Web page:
partment made a sizable profit. Under her guidance, the Tiffany Girls, asthey were called, could complete a handmade window, lampshade, andmosaic in less time and with fewer errors than the men. Tiffany believedit was because the women had more nimble fingers and better sensesof color and decoration. Every Monday he inspected the department’swork and rarely found fault. Clara was as fanatical about production details as he was. In Clara he had found a once-in-a-lifetime partnership.
After strained negotiations, all parties reached a settlement. Clarawas granted the right to continue to design lampshades and small luxury goods, but the number of women in her department was reduced totwenty-seven. The antagonism of the men toward Clara highlights hervalue to Tiffany, despite the fact that her twenty-year contribution as adesigner and collaborator went largely uncredited.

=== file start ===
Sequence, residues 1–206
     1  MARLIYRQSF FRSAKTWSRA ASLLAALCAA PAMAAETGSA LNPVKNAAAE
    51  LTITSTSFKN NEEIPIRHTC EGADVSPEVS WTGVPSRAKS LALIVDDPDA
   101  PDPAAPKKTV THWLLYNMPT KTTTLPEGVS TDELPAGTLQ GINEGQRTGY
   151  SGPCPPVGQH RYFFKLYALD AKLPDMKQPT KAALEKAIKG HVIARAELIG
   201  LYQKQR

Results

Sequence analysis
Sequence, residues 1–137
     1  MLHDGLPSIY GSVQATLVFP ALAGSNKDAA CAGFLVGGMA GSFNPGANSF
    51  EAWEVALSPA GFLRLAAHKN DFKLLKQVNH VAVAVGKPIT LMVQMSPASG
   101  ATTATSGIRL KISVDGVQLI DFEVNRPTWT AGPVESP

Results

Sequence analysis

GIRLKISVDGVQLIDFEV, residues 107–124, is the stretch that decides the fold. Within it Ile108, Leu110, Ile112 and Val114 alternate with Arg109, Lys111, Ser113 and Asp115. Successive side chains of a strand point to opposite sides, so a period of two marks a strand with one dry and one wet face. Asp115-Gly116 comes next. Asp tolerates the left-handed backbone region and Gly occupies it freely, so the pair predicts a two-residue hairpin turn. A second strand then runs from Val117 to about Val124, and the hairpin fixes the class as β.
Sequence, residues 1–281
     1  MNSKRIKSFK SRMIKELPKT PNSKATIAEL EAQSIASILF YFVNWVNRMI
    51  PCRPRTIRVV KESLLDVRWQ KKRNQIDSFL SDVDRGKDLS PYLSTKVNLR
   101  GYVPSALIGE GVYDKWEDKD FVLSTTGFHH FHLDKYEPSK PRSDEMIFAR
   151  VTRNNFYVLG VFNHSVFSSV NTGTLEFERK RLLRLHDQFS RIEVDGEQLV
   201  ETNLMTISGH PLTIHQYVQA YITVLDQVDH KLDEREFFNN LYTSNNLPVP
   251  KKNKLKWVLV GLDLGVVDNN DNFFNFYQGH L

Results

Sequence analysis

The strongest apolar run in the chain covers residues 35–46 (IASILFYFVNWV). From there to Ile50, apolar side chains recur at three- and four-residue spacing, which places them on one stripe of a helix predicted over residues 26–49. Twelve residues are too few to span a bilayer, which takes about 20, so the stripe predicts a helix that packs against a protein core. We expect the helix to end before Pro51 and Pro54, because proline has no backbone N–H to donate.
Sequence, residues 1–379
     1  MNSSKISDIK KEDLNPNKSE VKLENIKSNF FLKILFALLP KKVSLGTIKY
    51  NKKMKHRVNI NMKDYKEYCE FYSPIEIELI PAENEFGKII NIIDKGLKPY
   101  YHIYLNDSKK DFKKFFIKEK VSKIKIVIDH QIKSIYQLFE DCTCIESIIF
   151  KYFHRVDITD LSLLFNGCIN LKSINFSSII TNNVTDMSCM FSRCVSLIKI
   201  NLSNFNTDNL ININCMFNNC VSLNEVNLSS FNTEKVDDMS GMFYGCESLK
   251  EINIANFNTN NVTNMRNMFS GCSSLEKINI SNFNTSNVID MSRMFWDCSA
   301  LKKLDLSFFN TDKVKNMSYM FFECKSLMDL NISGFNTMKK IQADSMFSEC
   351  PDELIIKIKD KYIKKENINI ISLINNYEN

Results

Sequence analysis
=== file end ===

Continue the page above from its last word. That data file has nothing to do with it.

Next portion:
The Tiffany Girls at Midland Beach, Staten Island, 1905, the Charles HosmerMorse Museum of American Art, Winter Park, Florida, © Charles Hosmer MorseFoundation, Inc.